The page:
Sunday, October 16, 2011

Immigration: Our Wants Vs. Their Needs

Who exactly is an immigrant?
An immigrant is a foreign-born person who has been allowed to live permanently in the United States as a Lawful Permanent Resident (LPR), according to the United States law. An undocumented immigrant is an individual who illegally resides in the United States without the permission of the American government.

How does an Immigrant obtain permission to reside in the United States?
Normally, there are three ways an immigrant can become a LPR. First, an American citizen can sponsor their foreign-born family member through family-sponsored immigration. Secondly, in the course of employment-based immigration, a U.S. employer can sponsor a person for a particular job, only when there is a lack of availability of American workers. Lastly, an immigrant can win a visa in the yearly diversity visa lottery.

Myths about Immigrants that lead to Injustice
Currently, there are many myths circulating around the United States about the negative affect immigration can have on our country. For example, a popular myth among American citizens is that immigrants do not want to learn English. Even thought the first generation of immigrants may have a hard time learning a new, complex language, the second and third generations of immigrants can speak English fluently. Also, many Americans allege that immigrants, especially undocumented immigrants, do not pay taxes. This statement is in fact false because immigrants, including undocumented ones, pay both state and federal taxes. In addition, immigrants contribute to Medicare and provide about seven billion dollars a year to the Social Security Fund, which benefits Americans. Lastly, Americans believe that immigrants have increased the crime rate of the United States. However, recent research has shown that immigrant communities have committed fewer crimes than American citizens. Actually, violent crime decreased by 34% even though the number of undocumented immigrants has doubled.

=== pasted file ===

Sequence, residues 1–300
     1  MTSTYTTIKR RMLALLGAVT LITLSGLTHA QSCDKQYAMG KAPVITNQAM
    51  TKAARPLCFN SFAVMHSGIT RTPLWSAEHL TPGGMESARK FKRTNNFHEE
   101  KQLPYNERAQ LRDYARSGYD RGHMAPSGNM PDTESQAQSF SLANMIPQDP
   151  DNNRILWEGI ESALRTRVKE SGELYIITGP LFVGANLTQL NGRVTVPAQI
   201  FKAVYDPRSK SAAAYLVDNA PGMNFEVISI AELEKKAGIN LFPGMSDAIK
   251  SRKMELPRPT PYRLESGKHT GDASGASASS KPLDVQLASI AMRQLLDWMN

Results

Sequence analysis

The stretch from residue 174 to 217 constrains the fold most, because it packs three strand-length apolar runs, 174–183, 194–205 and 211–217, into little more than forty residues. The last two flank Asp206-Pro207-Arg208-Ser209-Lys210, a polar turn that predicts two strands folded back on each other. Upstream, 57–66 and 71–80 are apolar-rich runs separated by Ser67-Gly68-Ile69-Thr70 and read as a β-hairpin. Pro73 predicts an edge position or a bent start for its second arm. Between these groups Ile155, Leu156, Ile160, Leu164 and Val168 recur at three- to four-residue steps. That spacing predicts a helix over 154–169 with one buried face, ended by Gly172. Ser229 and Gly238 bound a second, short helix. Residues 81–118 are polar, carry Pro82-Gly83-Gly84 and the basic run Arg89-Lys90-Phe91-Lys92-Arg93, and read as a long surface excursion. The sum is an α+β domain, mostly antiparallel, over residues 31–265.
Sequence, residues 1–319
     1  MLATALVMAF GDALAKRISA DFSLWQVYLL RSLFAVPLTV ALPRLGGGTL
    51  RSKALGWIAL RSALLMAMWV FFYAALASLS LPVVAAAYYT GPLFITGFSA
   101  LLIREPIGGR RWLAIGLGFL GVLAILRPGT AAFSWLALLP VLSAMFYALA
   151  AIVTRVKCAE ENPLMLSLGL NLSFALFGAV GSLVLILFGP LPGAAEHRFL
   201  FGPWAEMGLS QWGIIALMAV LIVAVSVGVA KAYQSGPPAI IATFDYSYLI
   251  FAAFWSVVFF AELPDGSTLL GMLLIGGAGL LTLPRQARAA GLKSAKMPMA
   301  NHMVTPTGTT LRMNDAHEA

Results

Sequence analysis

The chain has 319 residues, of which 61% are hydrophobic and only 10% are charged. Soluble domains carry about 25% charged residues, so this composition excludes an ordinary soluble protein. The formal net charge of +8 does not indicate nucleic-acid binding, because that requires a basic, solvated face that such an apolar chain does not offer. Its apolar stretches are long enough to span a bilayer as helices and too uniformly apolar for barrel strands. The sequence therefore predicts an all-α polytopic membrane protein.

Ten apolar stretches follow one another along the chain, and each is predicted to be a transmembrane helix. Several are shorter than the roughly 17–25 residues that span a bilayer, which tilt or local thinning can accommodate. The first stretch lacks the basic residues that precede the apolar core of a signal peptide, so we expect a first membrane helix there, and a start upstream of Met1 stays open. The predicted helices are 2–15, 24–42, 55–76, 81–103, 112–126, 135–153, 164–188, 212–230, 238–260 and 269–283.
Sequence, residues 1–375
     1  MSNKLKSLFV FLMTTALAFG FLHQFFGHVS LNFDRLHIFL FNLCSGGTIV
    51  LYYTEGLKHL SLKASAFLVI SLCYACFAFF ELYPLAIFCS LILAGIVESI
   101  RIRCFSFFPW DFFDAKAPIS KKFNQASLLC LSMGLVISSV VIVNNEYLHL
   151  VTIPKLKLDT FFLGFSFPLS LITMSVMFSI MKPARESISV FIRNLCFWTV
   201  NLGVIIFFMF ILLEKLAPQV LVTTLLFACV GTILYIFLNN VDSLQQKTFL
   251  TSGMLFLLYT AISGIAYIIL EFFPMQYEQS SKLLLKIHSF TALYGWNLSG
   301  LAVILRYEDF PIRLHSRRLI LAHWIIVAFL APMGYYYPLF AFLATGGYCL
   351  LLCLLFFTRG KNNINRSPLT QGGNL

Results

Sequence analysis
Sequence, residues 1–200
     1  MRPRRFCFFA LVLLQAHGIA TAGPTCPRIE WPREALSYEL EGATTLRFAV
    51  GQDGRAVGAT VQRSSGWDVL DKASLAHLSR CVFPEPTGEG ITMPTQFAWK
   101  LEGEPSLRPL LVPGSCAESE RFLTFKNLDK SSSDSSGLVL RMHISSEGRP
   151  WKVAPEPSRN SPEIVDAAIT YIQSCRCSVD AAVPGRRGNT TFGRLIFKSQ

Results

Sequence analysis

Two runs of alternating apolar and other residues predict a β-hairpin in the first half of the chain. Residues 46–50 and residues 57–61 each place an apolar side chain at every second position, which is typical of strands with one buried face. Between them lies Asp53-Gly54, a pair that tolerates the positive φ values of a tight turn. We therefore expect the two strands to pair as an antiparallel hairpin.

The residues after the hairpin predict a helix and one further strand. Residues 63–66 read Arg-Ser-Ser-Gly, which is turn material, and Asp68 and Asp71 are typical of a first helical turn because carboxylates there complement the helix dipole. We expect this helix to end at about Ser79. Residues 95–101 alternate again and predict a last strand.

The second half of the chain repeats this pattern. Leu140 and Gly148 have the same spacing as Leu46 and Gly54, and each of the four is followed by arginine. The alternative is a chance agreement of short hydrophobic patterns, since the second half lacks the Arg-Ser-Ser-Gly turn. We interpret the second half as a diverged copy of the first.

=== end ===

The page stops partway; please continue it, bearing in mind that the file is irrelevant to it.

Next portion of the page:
The Catholic Church’s View on Immigration
            The Church is obligated to raise her voice on behalf of the immigrants who have been marginalized, whose God-given human rights are not respected, and whose dignity is not fully able to function as a human being. Also, the Church believes that today’s immigration policies not only demoralize the immigrants’ human dignity, but have separated many families. The Church strives to create an immigration system that serves for the common good, for both the immigrants and the United States. 

Works Cited
"Facts and Figures." Justice for Immigrants. United States Conference of Catholic Bishops, 22 Aug. 2005. Web. 17 Oct. 2011. Print. 

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